In reality, the Employee Free Choice Act is a bipartisan, common sense economic recovery for working families that will pump billions into our nation's economy."
Saturday, March 7, 2009
2009: Gender Inequality at Work
On 5 March and as part of International Women’s Day, ITUC launched its second 8 March Report: Gender (in) equality in the labour market: an overview of global trends and developments.
A Saskatchewan Perspective from the Canadian Centre for Policy Alternatives (CCPA): Balancing the Scales of Pay Equity: The Need for Gender Analysis and Budgeting
Saskatchewan Federation of Labour (SFL): 2009 International Women's Day - News Release
- Not one of those unionized 12% of workers occupies a suite in the corporate boardrooms on Wall Street.
- Not one of those unionized 12% of workers sits on the Boards of Directors of the companies that are currently getting gifts of taxpayers dollars in the form of bailouts, so those same directors and executives can continue to enjoy their lavish lifestyles.
- Not one of those unionized 12% of workers travels regularly on a private jet.
- Not one of those unionized 12% of workers has had unfettered access to the political decision makers in the government capital buildings.
- Not one of those unionized 12% of workers made decisions that caused the financial ruin of hundreds of thousands of people, and then walked away - pockets bulging with $50 Billion of somebody else's money.
- Not one of those unionized 12% of workers makes a million or more a year.
- Not one of those unionized 12% of workers passed the laws that resulted in massive deregulation and put industries in charge of regulating themselves. Opening the door to rampant corruption.
- Not one of those unionized 12% of workers made the call to send their country to war on a lie.
- Not one of those unionized 12% of workers has been anywhere near the decision makers and people who actually caused this problem.
Obama's War with the Right (& Media)
By Robert Parry
February 28, 2009
In a startling ambitious budget message, President Barack Obama has thrown down the gauntlet to the American Right not only by tying the current economic crisis to the recklessness of the past eight years under George W. Bush but by tracing it back further to the anti-regulatory, anti-labor and anti-government policies of Ronald Reagan.
"For the better part of three decades, a disproportionate share of the nation's wealth has been accumulated by the very wealthy," the 142-page budget message states. "Technological advances and growing global competition, while transforming whole industries - and birthing new ones - has accentuated the trend toward rising inequality."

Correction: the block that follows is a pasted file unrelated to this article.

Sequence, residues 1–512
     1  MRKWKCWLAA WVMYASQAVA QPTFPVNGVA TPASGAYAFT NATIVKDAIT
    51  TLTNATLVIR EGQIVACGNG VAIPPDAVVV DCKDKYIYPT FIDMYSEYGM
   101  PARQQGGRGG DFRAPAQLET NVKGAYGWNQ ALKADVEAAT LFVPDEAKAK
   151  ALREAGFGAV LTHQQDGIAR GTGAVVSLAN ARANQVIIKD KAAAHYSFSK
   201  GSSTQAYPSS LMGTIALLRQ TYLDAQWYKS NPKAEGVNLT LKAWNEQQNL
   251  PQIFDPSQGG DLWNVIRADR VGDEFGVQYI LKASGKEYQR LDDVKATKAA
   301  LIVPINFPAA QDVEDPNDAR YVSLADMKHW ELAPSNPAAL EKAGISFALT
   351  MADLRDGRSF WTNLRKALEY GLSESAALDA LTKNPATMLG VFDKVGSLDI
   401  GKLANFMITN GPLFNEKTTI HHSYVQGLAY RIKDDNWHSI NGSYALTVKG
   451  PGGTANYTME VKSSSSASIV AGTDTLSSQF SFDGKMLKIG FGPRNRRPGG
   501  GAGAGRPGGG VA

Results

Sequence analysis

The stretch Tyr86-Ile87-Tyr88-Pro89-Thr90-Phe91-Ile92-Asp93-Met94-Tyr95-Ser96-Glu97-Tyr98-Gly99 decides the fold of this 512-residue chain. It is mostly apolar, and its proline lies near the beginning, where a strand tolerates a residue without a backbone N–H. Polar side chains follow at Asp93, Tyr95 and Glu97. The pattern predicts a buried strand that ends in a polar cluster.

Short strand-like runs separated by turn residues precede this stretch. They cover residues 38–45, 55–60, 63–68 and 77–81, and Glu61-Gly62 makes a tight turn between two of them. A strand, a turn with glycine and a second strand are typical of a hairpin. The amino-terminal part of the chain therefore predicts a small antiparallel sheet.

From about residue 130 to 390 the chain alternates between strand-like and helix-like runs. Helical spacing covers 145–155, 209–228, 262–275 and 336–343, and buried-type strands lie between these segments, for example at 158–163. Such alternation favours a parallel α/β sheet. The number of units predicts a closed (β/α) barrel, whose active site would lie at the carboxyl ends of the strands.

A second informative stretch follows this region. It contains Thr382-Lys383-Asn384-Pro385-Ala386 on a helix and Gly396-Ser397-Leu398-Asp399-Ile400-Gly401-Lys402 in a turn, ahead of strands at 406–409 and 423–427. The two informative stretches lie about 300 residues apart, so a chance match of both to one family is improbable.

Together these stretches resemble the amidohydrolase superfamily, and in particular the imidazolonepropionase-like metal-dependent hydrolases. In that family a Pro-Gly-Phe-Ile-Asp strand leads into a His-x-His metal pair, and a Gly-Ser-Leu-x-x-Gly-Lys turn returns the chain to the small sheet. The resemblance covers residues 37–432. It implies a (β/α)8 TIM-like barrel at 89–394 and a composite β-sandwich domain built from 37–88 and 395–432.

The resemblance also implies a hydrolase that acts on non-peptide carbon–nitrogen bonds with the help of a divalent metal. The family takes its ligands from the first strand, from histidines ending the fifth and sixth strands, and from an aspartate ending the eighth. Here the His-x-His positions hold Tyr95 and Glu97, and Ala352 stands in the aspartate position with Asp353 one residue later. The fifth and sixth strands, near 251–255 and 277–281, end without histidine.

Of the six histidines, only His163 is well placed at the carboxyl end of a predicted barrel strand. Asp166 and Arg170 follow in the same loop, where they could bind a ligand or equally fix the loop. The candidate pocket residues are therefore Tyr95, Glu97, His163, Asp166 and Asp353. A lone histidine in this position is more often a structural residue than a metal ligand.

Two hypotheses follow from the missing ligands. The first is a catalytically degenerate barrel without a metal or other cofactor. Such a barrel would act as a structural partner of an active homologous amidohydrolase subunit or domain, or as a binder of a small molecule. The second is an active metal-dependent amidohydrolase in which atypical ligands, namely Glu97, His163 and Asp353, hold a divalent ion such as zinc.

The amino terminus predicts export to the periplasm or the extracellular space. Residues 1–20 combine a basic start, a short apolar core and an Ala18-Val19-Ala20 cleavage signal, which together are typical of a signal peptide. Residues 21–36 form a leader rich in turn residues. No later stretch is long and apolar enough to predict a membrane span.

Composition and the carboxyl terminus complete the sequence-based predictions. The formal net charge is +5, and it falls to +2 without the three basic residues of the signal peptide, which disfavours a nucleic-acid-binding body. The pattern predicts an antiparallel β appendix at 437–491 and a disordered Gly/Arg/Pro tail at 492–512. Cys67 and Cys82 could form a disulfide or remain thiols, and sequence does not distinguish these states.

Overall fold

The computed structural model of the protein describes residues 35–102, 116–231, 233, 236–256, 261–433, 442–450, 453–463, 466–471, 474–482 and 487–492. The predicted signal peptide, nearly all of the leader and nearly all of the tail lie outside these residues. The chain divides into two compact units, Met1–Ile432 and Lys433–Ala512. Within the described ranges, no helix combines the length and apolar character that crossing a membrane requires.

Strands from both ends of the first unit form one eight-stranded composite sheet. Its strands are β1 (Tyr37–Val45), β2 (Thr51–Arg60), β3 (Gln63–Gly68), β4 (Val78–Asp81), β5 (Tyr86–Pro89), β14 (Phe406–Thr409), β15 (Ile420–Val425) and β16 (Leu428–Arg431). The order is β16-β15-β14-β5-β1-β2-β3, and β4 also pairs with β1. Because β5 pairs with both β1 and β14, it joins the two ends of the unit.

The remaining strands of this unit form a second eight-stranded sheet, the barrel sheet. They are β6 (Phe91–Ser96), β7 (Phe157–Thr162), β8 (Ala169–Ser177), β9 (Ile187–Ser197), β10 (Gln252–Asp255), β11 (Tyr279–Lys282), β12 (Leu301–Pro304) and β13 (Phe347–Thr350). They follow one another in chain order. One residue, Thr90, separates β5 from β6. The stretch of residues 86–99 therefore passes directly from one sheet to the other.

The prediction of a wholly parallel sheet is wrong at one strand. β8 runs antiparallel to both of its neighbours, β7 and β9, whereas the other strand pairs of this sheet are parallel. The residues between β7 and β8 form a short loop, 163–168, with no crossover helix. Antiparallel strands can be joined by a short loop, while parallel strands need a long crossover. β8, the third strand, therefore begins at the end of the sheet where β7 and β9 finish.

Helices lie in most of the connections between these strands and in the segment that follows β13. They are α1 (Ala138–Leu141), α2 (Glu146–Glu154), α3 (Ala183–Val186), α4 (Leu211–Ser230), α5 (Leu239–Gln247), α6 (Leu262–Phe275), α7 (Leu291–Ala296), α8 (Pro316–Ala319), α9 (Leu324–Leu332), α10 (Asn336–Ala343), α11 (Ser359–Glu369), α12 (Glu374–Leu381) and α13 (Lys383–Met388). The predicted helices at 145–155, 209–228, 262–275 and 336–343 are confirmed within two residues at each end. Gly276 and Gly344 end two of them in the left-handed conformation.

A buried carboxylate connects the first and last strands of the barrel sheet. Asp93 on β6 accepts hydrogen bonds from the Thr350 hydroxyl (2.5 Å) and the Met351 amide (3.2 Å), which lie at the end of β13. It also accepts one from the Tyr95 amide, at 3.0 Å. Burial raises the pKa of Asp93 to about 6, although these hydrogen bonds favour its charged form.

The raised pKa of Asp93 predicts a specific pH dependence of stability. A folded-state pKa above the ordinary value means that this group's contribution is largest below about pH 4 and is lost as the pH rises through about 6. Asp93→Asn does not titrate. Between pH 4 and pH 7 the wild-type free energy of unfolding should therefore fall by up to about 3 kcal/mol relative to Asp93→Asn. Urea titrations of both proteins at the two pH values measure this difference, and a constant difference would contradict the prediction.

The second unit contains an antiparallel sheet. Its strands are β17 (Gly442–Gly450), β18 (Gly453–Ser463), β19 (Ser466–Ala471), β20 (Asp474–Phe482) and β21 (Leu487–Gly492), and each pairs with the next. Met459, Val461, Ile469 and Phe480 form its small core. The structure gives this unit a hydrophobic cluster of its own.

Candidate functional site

Though Obama lays the bulk of what he calls "a legacy of mismanagement and misplaced priorities" at the feet of the Bush administration, there is no mistaking his larger message - that the problems which were "exacerbated" by Bush's tax cuts and other pro-rich policies have been building since Reagan's 1981 inaugural declaration that "government is the problem."
Obama even made a glancing reference to that formulation in his preamble to the budget message. "We need to put tired ideologies aside, and ask not whether our government is too big or too small, or whether it is the problem or the solution, but whether it is working for the American people," Obama said.
To the American Right, those are fighting words, and leading right-wingers have already trotted out their curious charge of "class warfare," an ironic message given the fact that the growing disparity in American wealth reveals that "class warfare" has long been at the heart of Reagan-Bush policies - and the rich are winning.
Yet, while it may be audacious for the young President to take on the well-entrenched forces of reaction in Washington, there is another reason for Obama and his supporters to worry. The national news media remains largely enthralled by the pro-Republican rules of the past three decades.
In both right-wing and mainstream news organizations, stories continue to be structured as faulting Obama and largely absolving Bush (not to mention the iconic Reagan).
Look for example at the lead stories in the New York Times and the Washington Post on Saturday. Both describe the stomach-turning 6.2 percent drop in the gross domestic product during the last quarter of 2008. Though that was the last economic quarter of the Bush administration, the stories instead were framed around Obama's failures.
The New York Times cites "a sense of disconnect between the projections of the [Obama] White House and the grim realities of everyday American life." The Washington Post says "the worse-than-expected data fueled doubts about whether the Obama administration had adequately sized up the challenges it faces."
What is remarkable about the two stories - and similar ones at other leading newspapers - is that the name "Bush" is nowhere to be found. Instead of a negative slant against Obama, the stories might reasonably have read that George W. Bush left behind an even worse economic mess than previously understood.
The newspapers could have explained how Bush's policy prescriptions - such as large tax cuts for the wealthy, a neglect of regulation and the declining living standards of the middle class - had pushed the United States to the brink of economic catastrophe. There might have been at least one reference to how Bush contributed to "the grim realities of everyday American life."